Q&A: Peter Schweizer Lashes Out At Obama 'Cronyism'4:00 PM EST Fri. Oct. 05, 2012
As part of a six month investigation into the job creation impact of the $840 billion American Recovery and Reinvestment Act (ARRA) on technology companies, CRN Editor News Steven Burke spoke with Peter Schweizer, a William Casey Fellow at the Hoover Institution, Stanford University, who was the first to document the stimulus windfalls for companies and politically connected one-percenters in his landmark 2011 book "Throw Them All Out -- How Politicians and Their Friends Get Rich Off Insider Stock Tips, Land Deals and Cronyism That Would Send the Rest Of Us To Prison."
Schweizer's book was instrumental in shining the spotlight on congressional insider trading, leading to the passage of the STOCK Act earlier this year, which makes it illegal for members of Congress to trade on non-public information.
[Related: 10 Top Tech Execs Visiting The White House]
For a closer look at how companies are playing the political game, see a preview of our exclusive report, "5 Companies That Milked The Stimulus." The full article will run Monday exclusively in the CRN Tech News app, available now in the Apple App Store.
Below is an excerpt from the interview.
Has there been a marked increase in corporate cronyism under President Obama given the $840 billion ARRA?
It has been huge. There is no question about it. And it is the stimulus. We were at a point where there was a very serious crisis, a financial crisis, and we're still debating now what the roots of that were. There is just no question that people were concerned about what the future was. This Keynesian economic notion -- which I don't tend to agree with -- the idea that if you spend money you are going to stimulate jobs, people are attracted to that idea.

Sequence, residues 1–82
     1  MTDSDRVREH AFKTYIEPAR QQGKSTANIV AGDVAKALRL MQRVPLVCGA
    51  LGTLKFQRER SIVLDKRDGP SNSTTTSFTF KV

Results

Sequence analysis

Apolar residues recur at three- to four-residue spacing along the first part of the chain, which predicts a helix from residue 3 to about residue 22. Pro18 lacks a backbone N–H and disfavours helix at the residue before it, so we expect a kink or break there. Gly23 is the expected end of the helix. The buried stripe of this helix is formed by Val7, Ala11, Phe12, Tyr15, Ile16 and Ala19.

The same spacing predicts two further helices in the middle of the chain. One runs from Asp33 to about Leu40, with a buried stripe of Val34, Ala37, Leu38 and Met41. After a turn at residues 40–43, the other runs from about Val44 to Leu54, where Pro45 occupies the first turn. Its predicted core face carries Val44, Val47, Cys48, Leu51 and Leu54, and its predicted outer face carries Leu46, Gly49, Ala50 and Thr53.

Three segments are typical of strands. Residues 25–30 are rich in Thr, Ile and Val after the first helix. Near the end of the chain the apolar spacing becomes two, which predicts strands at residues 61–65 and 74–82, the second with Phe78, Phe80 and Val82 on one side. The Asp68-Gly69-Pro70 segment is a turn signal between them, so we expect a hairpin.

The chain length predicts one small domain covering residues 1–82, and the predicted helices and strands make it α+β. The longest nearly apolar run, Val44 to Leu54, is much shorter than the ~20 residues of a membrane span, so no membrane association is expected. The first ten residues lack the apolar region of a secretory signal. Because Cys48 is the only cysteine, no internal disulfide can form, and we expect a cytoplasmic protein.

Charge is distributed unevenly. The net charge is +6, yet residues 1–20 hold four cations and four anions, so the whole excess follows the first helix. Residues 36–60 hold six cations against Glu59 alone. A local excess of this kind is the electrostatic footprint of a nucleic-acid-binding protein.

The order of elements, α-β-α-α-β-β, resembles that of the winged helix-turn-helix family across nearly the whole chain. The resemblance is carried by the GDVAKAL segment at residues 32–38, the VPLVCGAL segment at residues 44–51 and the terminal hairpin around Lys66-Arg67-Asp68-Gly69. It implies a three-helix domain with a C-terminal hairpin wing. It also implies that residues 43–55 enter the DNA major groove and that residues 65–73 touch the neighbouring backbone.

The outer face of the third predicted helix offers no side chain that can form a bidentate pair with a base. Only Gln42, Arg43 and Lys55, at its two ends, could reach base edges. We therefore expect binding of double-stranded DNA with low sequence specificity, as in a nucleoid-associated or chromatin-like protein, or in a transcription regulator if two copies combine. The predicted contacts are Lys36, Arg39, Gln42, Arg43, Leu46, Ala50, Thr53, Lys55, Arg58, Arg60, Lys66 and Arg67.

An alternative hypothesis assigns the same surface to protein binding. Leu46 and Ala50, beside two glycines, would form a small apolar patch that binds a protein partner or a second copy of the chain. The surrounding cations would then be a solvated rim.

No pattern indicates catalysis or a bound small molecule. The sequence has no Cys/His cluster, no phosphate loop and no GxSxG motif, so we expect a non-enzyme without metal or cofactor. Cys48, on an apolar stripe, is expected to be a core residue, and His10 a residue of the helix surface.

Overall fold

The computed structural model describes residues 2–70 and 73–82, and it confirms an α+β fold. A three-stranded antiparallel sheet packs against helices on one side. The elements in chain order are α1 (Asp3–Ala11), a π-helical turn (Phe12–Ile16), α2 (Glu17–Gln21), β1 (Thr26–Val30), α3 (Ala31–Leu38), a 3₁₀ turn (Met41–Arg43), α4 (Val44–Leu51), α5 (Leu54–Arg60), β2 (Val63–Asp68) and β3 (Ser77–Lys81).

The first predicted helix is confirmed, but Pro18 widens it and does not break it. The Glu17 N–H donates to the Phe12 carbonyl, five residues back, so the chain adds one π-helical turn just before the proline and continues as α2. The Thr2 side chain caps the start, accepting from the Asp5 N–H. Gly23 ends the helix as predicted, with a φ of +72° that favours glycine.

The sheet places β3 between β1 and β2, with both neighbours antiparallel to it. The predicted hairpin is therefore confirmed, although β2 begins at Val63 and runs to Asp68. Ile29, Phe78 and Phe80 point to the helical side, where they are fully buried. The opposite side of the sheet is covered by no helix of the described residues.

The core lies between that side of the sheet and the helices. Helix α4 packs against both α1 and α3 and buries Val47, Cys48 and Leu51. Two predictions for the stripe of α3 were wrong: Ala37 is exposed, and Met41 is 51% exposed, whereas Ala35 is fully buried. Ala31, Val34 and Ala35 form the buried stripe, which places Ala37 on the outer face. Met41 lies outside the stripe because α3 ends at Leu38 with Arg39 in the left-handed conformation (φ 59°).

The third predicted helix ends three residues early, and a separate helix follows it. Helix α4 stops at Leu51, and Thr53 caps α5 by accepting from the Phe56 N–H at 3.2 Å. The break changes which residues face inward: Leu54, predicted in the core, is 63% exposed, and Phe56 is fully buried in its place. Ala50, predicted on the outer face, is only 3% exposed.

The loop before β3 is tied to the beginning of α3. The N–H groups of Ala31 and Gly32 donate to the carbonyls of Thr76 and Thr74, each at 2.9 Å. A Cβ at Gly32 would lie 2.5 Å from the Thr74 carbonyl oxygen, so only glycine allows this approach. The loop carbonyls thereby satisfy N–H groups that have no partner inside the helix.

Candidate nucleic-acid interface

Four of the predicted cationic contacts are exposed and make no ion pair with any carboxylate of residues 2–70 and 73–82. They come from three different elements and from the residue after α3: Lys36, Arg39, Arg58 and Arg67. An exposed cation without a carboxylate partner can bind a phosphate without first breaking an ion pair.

And then, if you layer on top of that the attractive notion, for example, let's lessen our dependence on fossil fuels, fossil fuels from overseas and clean up the environment, that is a very, very attractive idea. And, that is really how it was packaged. So, with the stimulus you really had for the first time in American history an American president and his administration that had the opportunity to literally hand out hundreds of billions of dollars to companies whether it was related to infrastructure, whether it was related to high-speed Internet in rural areas or whether it was related to clean energy. So, this is an unprecedented level of cronyism.
Is the technology industry unusual in the level of corporate cronyism vs. other industries?
I think part of the reason too that cronyism prevails in the technology sector is that for politicians, the idea that you are spending money to help America's technological development sounds very exciting and very attractive. That is why I think there is more money in those areas, and here cronyism tends to be more prevalent.
You talked in the book about the success rate of companies backed by technology venture capitalist John Doerr in receiving government money. How unusual is that hit rate?
There is no question that John Doerr is a very smart investor. That is how he has made his money. But in this particular case, you have highly risky investments in this sector, and he has benefited from the political connections that he has enjoyed. This is extraordinary. I don't really know of any other single investment house -- and there are many that invest in green technologies -- that has anything even remotely approaching the success record that he has had in securing access to government money.